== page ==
at the edges of the crystal. The height of each domain was measured along the corresponding line

    scans (Figure S1). A high-resolution AFM scan of the 1L-2L boundary indicates a height difference of

    approximately 0.7 nm at the junction barrier, confirming a one-layer thickness difference (Figure 1c).

    In high-angle annular dark field (HAADF) STEM images, the intensity is directly related to the

    averaged atomic number and the sample thickness. The expected hexagonal structure of single

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    layered MoSe2 (bottom layer) is clearly shown in Figure 1d, where the alternating brighter (Se2) and

    darker (Mo) sites are distinguishable in the HAADF images and the intensity profile (red rectangular

    box) is shown (Figure 1e). The stacking order between layers and the junction region were also

    characterized by STEM (Figure 1f, Figure S2, Figure S3, and Figure S4). From Figures S2 and S3, it can

    be seen that our as-grown bilayer and trilayer MoSe2 domains shows 3R stacking. A close inspection

    of the junction area between neighboring domains reveals an atomically sharp domain boundary

    (Figure 1 f and Figure S4), where abrupt image contrast variation across the step edges can be clearly

    observed. The intensity line profile crossing neighboring layers (Figure 1g), shows that the overall

    roughness of the junction is just less than one unit cell. Our results confirm that CVD growth has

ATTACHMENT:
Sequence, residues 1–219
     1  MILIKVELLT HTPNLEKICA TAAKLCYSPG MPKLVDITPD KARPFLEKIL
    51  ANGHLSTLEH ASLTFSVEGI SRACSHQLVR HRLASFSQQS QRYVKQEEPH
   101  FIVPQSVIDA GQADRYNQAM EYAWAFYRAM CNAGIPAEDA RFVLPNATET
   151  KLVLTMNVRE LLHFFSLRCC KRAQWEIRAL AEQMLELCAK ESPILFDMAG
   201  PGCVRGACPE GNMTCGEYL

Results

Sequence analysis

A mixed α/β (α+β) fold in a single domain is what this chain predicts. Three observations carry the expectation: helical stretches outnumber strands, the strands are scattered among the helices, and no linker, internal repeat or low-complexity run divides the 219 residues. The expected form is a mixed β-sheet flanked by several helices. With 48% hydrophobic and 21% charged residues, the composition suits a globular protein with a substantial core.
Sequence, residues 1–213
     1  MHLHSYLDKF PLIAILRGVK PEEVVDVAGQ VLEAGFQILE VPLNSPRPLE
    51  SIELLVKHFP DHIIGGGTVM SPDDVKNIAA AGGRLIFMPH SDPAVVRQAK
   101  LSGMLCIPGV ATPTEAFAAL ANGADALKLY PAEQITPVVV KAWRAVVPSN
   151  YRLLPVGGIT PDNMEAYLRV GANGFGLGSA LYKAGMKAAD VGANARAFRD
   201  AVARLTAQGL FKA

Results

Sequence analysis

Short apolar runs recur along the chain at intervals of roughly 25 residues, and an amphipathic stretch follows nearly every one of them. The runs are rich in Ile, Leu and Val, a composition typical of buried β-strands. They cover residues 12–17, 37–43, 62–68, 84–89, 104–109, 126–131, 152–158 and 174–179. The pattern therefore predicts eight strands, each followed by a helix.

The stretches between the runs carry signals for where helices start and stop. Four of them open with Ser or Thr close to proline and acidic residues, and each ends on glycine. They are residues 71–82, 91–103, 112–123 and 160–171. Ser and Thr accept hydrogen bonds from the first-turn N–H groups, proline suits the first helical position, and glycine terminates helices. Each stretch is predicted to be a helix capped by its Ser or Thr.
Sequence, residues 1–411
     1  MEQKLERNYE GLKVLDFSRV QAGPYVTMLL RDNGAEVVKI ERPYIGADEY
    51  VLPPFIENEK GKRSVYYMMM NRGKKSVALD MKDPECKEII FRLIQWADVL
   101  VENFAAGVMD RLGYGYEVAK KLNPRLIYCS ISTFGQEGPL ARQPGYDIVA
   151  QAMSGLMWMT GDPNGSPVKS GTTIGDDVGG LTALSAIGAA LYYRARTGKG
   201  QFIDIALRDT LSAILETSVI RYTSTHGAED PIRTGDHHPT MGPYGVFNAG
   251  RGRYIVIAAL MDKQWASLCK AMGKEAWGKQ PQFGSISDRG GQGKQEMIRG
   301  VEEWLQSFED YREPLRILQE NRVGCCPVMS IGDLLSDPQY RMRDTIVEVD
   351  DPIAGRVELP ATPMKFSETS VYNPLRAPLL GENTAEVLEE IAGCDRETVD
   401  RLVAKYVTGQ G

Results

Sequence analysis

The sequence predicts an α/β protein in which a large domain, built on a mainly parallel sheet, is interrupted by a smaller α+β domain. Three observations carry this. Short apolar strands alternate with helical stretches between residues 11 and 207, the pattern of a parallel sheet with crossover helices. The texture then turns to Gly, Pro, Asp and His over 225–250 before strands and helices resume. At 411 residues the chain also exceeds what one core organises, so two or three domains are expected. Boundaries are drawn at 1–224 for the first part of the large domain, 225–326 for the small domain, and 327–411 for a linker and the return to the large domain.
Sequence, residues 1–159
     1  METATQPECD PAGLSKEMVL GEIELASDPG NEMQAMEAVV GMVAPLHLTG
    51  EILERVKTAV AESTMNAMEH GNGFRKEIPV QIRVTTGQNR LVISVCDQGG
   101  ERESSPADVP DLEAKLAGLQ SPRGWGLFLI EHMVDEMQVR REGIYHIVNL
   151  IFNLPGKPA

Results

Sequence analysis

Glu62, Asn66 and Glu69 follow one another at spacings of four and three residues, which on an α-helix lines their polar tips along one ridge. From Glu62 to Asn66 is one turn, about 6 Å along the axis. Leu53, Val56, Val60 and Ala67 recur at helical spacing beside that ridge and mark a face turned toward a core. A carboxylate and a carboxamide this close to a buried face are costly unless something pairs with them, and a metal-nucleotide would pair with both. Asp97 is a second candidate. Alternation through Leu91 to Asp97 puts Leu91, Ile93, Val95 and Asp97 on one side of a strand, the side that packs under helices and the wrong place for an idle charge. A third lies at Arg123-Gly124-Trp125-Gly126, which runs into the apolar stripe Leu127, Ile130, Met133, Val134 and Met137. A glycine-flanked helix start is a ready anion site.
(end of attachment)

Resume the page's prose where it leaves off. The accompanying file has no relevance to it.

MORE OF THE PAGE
produced atomically sharp domain boundaries, a requirement for further investigation on the

    intrinsic junctions in multilayer MoSe2.

    To probe the changes in lattice vibration mode and band structure across MoSe2 domains with

    different thicknesses, we studied the structures by Raman and PL spectroscopy. Figure 2a shows a

    MoSe2 map for different thicknesses for Raman mapping. The spectra collected from monolayer,

    bilayer, trilayer, and their respective step edges (marked as points 1 to 5 in Figure 2a), respectively,

    are shown in Figure 2b. Two main characteristic peaks, at 241 cm-1 (A1g mode of MoSe2: out-of-plane

    vibration) and 286.4 cm-1 (E2g mode of MoSe2: in-plane vibration), are observed in all of these

    samples. Additionally, the A1g mode undergoes a red shift from 242.7 cm -1 to 241 cm-1, and its

    intensity increases by a factor of 2 as the number of layers decreases. The softened A1g mode is a

    result of a diminishing interplanar restoring force[25]. Also, we observed B12g mode of MoSe2 located

    at 352.6 cm-1, which is absent in monolayer, and then present in bilayer and above. The Raman

    spectra taken from the step edges (points 2 and 4) indicate that there is no other interlayer-

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    interaction at the step edges, except for t